Regarding Racism in our Society and a Call for Respect and Caring

From the Catholic Bishops of Saskatchewan

As Catholic bishops of our province’s Catholic churches and institutions, we express our great concern regarding racial injustices. We join others in our community who support efforts at addressing racial injustice and respond to the scandal of how people treat one another.

The protests that began over the tragic death of George Floyd in the United States have expanded as protesters raise awareness of widespread injustice. In our own provincial context, people across the province are calling on government, businesses, and all institutions to address inequality and injustices caused by systemic racism. In our context, such systemic racism continues to impact Indigenous Peoples, and those of African and Asian descent, including most recently anti-Asian assaults and offenses in relation to the COVID-19 pandemic.

We also continue to hear of incidents here in Saskatchewan and in other parts of Canada that are of grave concern. As we observe this deterioration of human respect and kindness, we need to affirm the intrinsic dignity of every human person and seek respectful and constructive ways to solve problems and differences, versus spiraling into increasing disrespect and violence. There is far too much at stake to continue down this fateful and destructive path!

There is much to affirm on this issue in our Catholic tradition, beginning in the first book of the Bible, where we read how all peoples are created in the image and likeness of God Himself. (see Genesis 1:26-27) With the privilege of being created fully human comes the responsibility to live and act towards others as God acts towards us. St. Paul affirms this call when he states,

“If then there is any encouragement in Christ, any consolation from love, any sharing in the Spirit, any compassion and sympathy, make my joy complete: be of the same mind, having the same love, being in full accord and of one mind. Do nothing from selfish ambition or conceit, but in humility regard others as better than yourselves. Let each of you look not to your own interests, but to the interests of others. Let the same mind be in you that was in Christ Jesus…” (Phil. 2: 1-5)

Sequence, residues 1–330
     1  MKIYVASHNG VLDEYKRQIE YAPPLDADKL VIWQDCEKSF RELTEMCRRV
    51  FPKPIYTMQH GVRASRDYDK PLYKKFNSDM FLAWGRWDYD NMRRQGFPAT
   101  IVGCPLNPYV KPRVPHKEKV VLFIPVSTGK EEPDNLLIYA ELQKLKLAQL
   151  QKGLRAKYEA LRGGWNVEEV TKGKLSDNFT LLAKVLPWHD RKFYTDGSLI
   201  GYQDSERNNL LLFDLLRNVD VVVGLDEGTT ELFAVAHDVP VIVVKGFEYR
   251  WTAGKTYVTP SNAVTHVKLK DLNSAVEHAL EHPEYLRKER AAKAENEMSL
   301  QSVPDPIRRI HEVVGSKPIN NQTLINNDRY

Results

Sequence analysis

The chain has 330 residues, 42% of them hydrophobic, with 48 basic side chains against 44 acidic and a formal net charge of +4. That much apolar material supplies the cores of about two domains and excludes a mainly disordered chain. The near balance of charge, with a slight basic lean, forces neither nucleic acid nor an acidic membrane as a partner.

The privilege of our humanity carries with it the great responsibility of the preferential care of our brothers and sisters – especially those who deal with obstacles, injustices, or other barriers to their human flourishing.

One of these barriers is systemic racism. Racism affects our culture in many ways. Times of crisis – such as the current circumstance of the COVID-19 pandemic – further aggravates racism’s effects as people are under further strain and feel threatened. If not addressed, racism will tear apart human solidarity as it corrupts our minds and hearts.

Let us work together to end the scourge of racism and intolerance by encouraging respectful dialogue that addresses our society’s major justice issues, including addressing obstacles to human dignity, and seeks ways to bring about constructive growth and change. In the biblical tradition, such change always first involves a personal change of mind and heart – an ongoing interior conversion. “Get yourselves a new heart and a new spirit!” (Ezekiel 18:31) We can work constructively for systemic change and growth when we are open to this in our own lives.

Such change also needs to address how we engage and dialogue about difficult topics and issues. In all ways – the Christian community and all people of good will need to hold the bar high in how we behave ourselves and as we seek constructive and respectful dialogue versus the way of destructive confrontation or melancholic disengagement. Pope Francis highlights the primacy of dialogue as follows:

“If there is one word that we should never tire of repeating, it is this: dialogue. We are called to promote a culture of dialogue by every possible means and thus to rebuild the fabric of society. The culture of dialogue entails a true apprenticeship and a discipline that enables us to view others as valid dialogue partners, to respect the foreigner, the immigrant and people from different cultures as worthy of being listened to. Today we urgently need to engage all the members of society in building a culture which privileges dialogue as a form of encounter’ and in creating ‘a means for building consensus and agreement while seeking the goal of a just, responsive and inclusive society.”

Let us pray and commit ourselves to this honourable and very needed path! As bishops we join with all of you in expressing the good work of Canada’s Truth and Reconciliation Commission, completed in 2015. We have only just begun to carry out its vision for achieving reconciliation. The circumstances that we face highlighting racism, injustice and violence in our world remind us that we are at an important threshold. May we choose wisely and walk courageously as we, “… act justly, love kindly, and walk humbly with our God” (Micah 6:8).